SCHENECTADY -- Just two days after the reopening of the Oak Street Bridge, someone has decided to send a message to the city -- through graffiti.
That message: “Try Again” and "LMAO," written in black spraypaint on one steel wall lining the bridge. More graffiti, appearing to include Roman numbers, was added to the road, across one of the driving lanes on the bridge.
The bridge reopened to some fanfare on Tuesday, as Mayor Gary McCarthy was joined by city and state officials to cut a ribbon marking the resumption of traffic on the span, which connects the Mont Pleasant and Bellevue neighborhoods.
Paul LaFond, the city’s commissioner of general services, said the graffiti most likely was made the same night, as city crews discovered it Wednesday morning. It was found on a green divider between the road and the sidewalk, as well as on the road itself.
LaFond said crews had painted the green dividers on Monday.
“It’s an unfortunate thing,” LaFond said.
He added that city workers will first use a chemical to try to remove the graffiti. If that doesn’t work, LaFond said they would try a pressure washer. For the graffiti on the road, LaFond said city crews would just use a pressure washer.
It’s unclear whether they would need to repaint the areas where the graffiti was, LaFond said.
The bridge had been closed for more than five years before being reopened, following a $1.75 million repair project.
It was closed in 2013 after being deemed structurally deficient. City officials previously said the steel bracing at the piers had worn away.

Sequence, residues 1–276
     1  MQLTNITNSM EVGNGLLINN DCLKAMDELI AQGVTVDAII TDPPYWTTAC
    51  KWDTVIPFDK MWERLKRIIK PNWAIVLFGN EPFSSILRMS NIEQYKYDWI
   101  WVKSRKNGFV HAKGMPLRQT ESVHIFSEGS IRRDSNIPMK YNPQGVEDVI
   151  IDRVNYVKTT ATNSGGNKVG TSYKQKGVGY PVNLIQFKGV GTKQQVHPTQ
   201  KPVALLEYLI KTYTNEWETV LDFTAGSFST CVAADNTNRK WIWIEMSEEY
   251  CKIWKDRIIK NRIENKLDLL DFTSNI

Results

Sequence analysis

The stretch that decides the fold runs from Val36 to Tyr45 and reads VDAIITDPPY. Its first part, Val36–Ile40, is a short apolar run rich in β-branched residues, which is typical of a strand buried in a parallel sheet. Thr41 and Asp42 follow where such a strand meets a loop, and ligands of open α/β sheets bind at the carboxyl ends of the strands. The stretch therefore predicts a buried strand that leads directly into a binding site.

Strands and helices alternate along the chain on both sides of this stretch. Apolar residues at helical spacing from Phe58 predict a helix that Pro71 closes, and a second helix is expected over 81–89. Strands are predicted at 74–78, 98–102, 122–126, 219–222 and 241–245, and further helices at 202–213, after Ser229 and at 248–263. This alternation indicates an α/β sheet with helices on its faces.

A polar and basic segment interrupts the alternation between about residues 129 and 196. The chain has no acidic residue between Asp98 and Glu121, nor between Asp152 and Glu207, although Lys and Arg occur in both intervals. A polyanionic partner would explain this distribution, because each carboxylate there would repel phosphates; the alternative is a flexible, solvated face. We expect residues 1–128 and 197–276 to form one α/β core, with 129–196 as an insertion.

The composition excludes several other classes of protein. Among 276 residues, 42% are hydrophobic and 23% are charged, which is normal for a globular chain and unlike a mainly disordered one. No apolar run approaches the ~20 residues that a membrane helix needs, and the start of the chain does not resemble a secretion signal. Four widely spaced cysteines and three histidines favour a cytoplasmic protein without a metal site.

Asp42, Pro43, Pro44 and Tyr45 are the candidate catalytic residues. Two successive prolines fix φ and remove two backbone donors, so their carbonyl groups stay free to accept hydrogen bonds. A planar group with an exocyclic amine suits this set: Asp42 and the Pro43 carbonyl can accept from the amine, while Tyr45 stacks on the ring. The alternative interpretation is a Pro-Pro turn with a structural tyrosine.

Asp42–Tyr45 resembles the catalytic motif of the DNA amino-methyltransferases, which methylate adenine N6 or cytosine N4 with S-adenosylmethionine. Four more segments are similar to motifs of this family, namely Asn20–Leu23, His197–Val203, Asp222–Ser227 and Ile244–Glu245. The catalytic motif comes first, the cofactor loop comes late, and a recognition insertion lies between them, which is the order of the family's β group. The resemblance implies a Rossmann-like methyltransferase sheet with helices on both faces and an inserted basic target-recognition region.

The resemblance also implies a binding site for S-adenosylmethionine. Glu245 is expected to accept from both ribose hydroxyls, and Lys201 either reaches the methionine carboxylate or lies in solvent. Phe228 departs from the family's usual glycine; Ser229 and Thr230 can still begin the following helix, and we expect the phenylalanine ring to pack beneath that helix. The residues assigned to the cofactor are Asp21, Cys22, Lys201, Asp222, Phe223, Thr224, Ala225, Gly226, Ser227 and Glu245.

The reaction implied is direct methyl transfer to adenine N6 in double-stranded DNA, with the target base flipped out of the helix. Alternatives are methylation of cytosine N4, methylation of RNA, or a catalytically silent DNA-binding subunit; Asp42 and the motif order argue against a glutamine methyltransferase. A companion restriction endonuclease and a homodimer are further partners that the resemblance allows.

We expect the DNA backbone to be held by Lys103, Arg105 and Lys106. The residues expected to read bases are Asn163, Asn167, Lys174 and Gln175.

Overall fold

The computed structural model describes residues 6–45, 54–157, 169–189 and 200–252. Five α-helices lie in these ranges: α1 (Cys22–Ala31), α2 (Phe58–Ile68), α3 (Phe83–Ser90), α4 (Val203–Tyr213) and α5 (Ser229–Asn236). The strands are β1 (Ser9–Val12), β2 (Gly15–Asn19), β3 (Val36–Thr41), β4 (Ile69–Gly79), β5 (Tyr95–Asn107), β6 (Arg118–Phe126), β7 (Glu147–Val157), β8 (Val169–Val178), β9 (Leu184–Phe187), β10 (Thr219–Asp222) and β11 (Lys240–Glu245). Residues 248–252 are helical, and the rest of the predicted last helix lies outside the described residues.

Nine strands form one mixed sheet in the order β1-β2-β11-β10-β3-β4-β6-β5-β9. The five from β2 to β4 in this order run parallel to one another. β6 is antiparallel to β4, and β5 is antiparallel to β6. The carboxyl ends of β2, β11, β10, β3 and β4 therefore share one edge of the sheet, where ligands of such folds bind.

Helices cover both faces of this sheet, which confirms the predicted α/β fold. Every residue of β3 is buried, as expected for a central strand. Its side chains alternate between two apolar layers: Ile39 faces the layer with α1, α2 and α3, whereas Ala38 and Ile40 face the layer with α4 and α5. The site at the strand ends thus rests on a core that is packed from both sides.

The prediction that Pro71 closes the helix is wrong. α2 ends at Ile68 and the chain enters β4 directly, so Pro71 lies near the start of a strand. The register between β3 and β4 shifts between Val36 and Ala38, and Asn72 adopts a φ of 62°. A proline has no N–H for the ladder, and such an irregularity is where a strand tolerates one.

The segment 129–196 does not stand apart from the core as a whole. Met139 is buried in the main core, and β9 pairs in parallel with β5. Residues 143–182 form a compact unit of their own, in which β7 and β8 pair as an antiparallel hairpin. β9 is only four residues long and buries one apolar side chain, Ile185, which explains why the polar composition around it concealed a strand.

The repairs were paid for with city, state and federal funds. The city increased its allocation for the project in November -- from $150,000 to $350,000 -- with state and federal entities covering the rest of the cost.
Councilman Vince Riggi, who was at the ribbon cutting on Tuesday and is a resident of Bellevue, said it was unfortunate to see someone already defacing the bridge. But he added graffiti is an issue that’s been “pervasive” through the city and needs to be addressed.
“Until we really punish somebody, it’s probably going to continue,” Riggi said. "Maybe we need to put a camera on the bridge.”
Riggi said he hoped the city could use the clear paint that would prevent people from putting graffiti on it. LaFond said he would have to check with city Engineer Chris Wallin about whether they would be able to do so.
Councilman John Polimeni, who was also at the ribbon cutting and grew up in Bellevue, said he hadn’t seen the graffiti but wasn’t happy to hear it happened.
“Honestly, it’s really a shame people have to go out and try to deface and destroy things so many in the city and community care about,” Polimeni said. “It’s sad they have nothing better to do with their time than this.”